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Experiences of Ambulatory Care for Frail, Older People and Their Carers During Acute Illness: A Qualitative, Ethnographic Study

Research output: Contribution to journalLetter

Original languageEnglish
Article numberp
Pages (from-to)1344-1347
Number of pages4
JournalJournal of the American Medical Directors Association
Volume20
Issue number10
Early online date10 May 2019
DOIs
DateAccepted/In press - 22 Mar 2019
DateE-pub ahead of print - 10 May 2019
DatePublished (current) - 1 Oct 2019

Abstract

Increased age is associated with increased emergency department attendance and emergency hospital admissions,1 but there is evidence that the acute hospital environment is unsuited to older people with frailty.2, 3, 4, 5 There are policy imperatives to increase the acute care delivered outside traditional hospital settings.6 For some patients, acute care can be delivered on an ambulatory basis,7 but the impact on them is uncertain.

Ambulatory care aims to provide equivalent medical care outside traditional hospital settings. The acute care pathway at ambulatory care units in Oxfordshire, United Kingdom, is targeted at, older people who are frail. Patients are referred by primary care physicians (from the patient's practice or out-of-hours service) or paramedics responding to emergency calls. The units provide rapid assessment and interventions unavailable in primary care, closer to patients' homes.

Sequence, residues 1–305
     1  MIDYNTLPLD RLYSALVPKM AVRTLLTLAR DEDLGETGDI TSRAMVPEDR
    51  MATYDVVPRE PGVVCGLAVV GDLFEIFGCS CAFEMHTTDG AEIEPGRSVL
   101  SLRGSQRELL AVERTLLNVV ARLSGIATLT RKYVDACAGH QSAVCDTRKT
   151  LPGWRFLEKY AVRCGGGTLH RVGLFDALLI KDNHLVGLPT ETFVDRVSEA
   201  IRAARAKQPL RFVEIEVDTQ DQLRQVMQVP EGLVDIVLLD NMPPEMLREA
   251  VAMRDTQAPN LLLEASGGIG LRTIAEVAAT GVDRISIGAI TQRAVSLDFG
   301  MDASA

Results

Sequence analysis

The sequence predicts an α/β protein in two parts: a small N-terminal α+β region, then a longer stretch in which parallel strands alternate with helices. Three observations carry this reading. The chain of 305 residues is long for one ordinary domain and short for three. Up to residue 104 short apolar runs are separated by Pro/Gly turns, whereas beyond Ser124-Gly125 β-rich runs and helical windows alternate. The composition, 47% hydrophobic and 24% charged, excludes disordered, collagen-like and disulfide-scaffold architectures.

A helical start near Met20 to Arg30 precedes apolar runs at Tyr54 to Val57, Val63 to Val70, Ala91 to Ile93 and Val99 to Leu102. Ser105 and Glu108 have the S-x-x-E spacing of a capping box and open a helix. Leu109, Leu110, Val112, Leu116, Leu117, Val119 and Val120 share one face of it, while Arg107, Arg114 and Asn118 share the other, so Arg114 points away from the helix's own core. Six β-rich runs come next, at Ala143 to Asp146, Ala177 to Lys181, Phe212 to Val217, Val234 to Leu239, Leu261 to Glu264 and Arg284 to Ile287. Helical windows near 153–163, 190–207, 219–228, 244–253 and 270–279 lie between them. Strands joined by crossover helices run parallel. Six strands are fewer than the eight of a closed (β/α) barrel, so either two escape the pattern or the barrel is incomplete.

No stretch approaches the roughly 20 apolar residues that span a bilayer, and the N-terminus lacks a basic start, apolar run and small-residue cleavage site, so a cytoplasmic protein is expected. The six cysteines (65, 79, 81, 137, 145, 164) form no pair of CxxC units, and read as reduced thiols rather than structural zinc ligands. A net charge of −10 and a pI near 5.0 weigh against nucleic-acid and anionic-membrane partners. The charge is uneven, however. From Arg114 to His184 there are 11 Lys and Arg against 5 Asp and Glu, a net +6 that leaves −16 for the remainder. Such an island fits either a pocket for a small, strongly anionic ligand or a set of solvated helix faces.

Research areas

  • COPD, chronic obstructive pulmonary disease, CT, computed tomographic, ECG, electrocardiograph, GP, general practitioner, HF, heart failure, IV, intravenous, OT, occupational therapy, PT, physiotherapy, UTI, urinary tract infection

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